This is question that should primarily be answered by theoretical physicists, as mathematicians always are going to want to say to take more math.
I am going into my third year of undergraduate study major in math and physics and I hope to eventually end up in a good theoretical physics PhD (probably cosmology or particle physics). I have the ability to add a year at my current institution and do a masters in math, and I am trying to figure out if pure math at a graduate level is interesting/useful for serious theoretical physics.
Some classes I would be interested in taking as part of the degree would be (all grad level) Functional Analysis, Complex Analysis, Lie Algebra, Differential Topology, Riemannian Geometry, Theory of ODEs, Theory of PDEs, Operator Algebras, Real Analysis, Topology, Algebra (a lot of these classes are two semester sequences).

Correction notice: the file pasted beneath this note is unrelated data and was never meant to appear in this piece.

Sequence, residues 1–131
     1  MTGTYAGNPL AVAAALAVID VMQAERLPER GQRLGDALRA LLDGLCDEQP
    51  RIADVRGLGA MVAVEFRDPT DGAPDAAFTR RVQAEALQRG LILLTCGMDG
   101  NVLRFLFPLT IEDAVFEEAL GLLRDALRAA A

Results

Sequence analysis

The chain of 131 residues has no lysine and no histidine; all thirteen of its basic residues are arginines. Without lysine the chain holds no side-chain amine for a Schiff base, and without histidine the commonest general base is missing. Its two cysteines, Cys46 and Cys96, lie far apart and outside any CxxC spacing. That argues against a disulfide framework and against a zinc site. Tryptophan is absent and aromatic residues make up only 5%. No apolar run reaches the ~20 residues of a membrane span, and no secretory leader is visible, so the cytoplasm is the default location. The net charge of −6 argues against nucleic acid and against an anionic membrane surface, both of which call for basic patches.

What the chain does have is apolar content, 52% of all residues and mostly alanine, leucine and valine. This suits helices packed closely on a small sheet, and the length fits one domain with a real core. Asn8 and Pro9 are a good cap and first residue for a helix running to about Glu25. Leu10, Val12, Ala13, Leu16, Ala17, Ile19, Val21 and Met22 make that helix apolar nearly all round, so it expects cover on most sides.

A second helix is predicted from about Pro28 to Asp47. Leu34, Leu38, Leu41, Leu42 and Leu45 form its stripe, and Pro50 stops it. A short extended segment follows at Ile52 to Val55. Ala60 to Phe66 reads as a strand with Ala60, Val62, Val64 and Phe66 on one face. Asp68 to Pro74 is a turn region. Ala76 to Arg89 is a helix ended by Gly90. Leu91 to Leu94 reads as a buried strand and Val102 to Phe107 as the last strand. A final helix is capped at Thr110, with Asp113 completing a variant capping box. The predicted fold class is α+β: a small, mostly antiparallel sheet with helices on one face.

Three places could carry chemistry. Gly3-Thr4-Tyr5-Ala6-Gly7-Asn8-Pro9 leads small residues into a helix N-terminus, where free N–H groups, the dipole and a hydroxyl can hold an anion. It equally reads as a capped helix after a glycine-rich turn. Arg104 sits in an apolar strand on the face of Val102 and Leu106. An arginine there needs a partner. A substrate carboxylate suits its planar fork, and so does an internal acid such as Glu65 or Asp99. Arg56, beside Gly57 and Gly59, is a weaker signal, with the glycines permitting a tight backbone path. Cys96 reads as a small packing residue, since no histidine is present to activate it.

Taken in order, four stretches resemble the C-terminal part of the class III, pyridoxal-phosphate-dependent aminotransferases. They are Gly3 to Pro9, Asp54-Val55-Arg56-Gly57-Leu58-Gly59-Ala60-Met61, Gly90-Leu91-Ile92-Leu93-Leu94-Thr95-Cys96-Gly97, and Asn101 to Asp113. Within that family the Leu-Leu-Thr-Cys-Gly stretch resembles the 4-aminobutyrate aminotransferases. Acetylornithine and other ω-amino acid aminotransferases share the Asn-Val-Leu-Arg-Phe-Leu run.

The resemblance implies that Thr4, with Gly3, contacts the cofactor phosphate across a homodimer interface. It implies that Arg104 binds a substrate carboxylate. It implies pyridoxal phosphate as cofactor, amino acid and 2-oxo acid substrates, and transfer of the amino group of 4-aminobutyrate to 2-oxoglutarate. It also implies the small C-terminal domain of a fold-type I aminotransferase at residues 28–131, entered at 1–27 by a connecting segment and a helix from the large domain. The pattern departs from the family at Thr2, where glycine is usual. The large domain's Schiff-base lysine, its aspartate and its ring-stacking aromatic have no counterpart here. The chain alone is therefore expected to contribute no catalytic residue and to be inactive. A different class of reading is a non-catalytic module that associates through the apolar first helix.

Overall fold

I am interested in hearing how useful people think having such a formal mathematical education would be to doing the physics. I am primarily interested in very foundational physics, and I am concerned that the brief treatment the math is given in physics books will prevent me from having a full understanding of the math at play in fields such as QFT and some the more out-there cosmology. I of course understand one can self-study some of these topics, but it seems fairly clear one would get a deeper appreciation by actually taking the courses in a proper academic setting.